BP Promises 'Major Protection and Cleaning Effort' Onshore

Top federal officials from Interior, Department of Homeland Security, and the U.S. Environmental Protection Agency will visit the oil spill zone along the Louisiana coast today as efforts mount to contain the damage onshore.

Secretaries Ken Salazar and Janet Napolitano and Administrator Lisa Jackson will make an aerial tour a day after Louisiana Gov. Bobby Jindal declared a state of emergency Thursday and asked the Department of Defense to send as many as 6,000 active-duty troops to aid in the cleanup.

BP found a third leak in the system and the oil company and the National Oceanic and Atmospheric Administration now estimate that 5,000 barrels of oil per day are spilling from the well, which is five times higher than last week's initial estimate. The drilling of a relief well will take 60 to 90 days, company officials say.

At least 10 state and national wildlife management areas and wildlife refuges in Louisiana and Mississippi are in the path of the oil plume coming from the well a mile down in the Gulf of Mexico because of leaks caused by the sinking of the Deepwater Horizon drilling platform last week, according to Jindal's declaration, which listed the Sandhill Crane National Wildlife Refuge and the Gulf Islands National Seashore National Park among them.

Napolitano designated the incident as a spill of national significance, which allows the government to draw down assets from across the country and other coastal areas.

BP, the responsible party for the cleanup, today said it is "ramping up preparations for a major protection and cleaning effort on the shorelines of Louisiana, Mississippi, Alabama and Florida" and is supplementing its Houma, La., incident command post with a second command post in Mobile, Ala., to oversee the onshore response in Mississippi, Alabama, and Florida.

"We are doing absolutely everything in our power to eliminate the source of the leak and contain the environmental impact of the spill. We are determined to fight this spill on all fronts, in the deep waters of the Gulf, in the shallow waters and, should it be necessary, on the shore," said BP Group Chief Executive Tony Hayward. "In the past few days I have seen the full extent of BP's global resources and capability being brought to bear on this problem and welcome the offers of further assistance we have had from government agencies, oil companies, and members of the public to defend the shoreline and fight this spill. We are determined to succeed."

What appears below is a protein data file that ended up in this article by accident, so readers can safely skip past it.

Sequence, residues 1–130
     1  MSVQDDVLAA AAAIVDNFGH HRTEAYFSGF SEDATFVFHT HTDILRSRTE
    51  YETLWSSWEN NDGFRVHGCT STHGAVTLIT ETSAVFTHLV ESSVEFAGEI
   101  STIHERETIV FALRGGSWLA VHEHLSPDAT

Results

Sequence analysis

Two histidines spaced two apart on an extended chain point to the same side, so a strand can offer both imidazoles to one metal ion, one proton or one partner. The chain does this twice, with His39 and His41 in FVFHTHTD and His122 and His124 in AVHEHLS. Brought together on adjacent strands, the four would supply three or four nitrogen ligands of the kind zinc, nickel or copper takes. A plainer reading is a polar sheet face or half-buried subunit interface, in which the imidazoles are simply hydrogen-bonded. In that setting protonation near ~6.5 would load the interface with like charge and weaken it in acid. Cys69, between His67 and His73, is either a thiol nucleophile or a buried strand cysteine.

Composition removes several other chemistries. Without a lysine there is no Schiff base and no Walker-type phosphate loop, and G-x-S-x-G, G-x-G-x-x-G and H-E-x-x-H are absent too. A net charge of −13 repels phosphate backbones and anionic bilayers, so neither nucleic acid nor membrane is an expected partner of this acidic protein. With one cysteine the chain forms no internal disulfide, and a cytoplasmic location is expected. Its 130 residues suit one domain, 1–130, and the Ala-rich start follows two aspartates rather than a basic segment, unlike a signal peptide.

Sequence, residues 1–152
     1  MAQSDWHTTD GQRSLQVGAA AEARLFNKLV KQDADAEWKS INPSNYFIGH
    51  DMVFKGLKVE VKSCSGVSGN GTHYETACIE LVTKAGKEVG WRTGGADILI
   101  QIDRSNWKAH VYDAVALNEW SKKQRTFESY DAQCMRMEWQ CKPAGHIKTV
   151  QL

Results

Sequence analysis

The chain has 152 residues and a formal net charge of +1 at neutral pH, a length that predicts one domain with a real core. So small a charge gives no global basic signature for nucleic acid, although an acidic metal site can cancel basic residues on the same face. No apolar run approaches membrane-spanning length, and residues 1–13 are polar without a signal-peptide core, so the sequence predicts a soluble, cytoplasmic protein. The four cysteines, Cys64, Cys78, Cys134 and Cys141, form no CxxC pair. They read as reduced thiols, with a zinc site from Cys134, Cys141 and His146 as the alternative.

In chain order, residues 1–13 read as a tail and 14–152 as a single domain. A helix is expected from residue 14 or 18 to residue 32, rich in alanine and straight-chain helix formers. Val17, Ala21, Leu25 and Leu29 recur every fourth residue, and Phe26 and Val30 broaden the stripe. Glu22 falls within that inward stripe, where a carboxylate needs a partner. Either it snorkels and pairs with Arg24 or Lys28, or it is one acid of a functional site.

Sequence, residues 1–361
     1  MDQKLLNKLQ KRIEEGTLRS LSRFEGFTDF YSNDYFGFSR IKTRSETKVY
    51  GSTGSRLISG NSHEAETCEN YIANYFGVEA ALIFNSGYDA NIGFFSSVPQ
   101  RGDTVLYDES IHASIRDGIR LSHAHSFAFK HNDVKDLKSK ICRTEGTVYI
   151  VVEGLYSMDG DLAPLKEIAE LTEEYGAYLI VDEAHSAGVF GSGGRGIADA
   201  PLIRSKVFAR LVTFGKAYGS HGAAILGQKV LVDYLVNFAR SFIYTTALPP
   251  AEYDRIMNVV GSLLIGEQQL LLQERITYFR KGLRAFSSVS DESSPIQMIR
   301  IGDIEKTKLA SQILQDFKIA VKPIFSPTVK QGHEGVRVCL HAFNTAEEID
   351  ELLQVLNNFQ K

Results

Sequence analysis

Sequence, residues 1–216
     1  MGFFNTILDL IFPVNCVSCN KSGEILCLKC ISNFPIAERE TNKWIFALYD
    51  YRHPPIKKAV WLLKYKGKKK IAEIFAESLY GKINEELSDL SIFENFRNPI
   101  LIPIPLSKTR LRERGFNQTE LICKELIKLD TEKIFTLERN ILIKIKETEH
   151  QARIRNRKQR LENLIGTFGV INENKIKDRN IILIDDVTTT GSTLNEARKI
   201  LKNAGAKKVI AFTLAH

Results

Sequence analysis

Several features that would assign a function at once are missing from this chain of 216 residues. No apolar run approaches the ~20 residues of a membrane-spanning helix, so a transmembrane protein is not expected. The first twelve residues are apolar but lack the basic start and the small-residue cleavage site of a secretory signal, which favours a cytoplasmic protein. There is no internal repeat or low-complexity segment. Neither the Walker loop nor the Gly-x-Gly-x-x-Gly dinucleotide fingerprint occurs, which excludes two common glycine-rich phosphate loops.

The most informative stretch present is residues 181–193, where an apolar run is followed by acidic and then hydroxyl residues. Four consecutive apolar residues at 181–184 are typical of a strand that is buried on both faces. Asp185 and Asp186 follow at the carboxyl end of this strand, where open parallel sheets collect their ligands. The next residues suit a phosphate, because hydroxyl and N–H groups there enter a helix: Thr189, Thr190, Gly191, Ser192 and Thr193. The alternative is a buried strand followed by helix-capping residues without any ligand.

In a news briefing at the White House, Napolitano outlined the work being done to manage the spill:

  • a controlled burn designed to remove large quantities of oil from the open water was consumed in about 28 minutes on Wednesday;
  • nearly 100,000 gallons of dispersant had been used Thursday;
  • on-water skimming, subsurface wellhead operations, and efforts to see if the response team can get that shut-off valve to close are continuing, and significant booming efforts are under way to protect the shoreline;
  • at least 174,000 feet of boom had been deployed by Thursday, and other boom is ready to be deployed at six staging areas;
  • approximately 1,100 total personnel are working the spill; and
  • 685,000 gallons of oily water had been collected, using nearly 50 vessels and multiple aircraft.

Jackson explained that EPA has air-monitoring aircraft gathering information on the impact of the controlled burn on air quality and is collecting air data from fixed and portable air-monitoring stations in the area. "We’ll analyze that data and make it public in the coming days, certainly as soon as possible, along with the air-monitoring plan, which is in draft and which will be revised as we go along, and as the situation changes," she added.

"Finally, as the oil does hit the shoreline, EPA will provide support to assess the impacts on the coastal shoreline and play a key role in implementing the cleanup," Jackson said. "As a daughter of the Gulf Coast, I know that it is our job to ensure people that we will be eyes and ears working with the states who have valuable and vital resources to monitor air, water and land quality."

BP and the other owners of the drilling lease are spending about $6 million per day on the response, a figure that "is expected to rise as activity increases," according to BP, which added, "It is too early to quantify other potential costs and liabilities associated with the incident."

The Department of the Interior's Minerals Management Service on April 28 announced that it has canceled the 2010 Annual Industry SAFE Awards Luncheon scheduled for May 3 at the Offshore Technology Conference in Houston because MMS personnel are busy responding to the spill.

The semisubmersible drilling platform sank two days after an explosion and fire at 10 p.m. April 20, when 126 workers were on the rig. Eleven who have not been found are presumed to have died in the incident.

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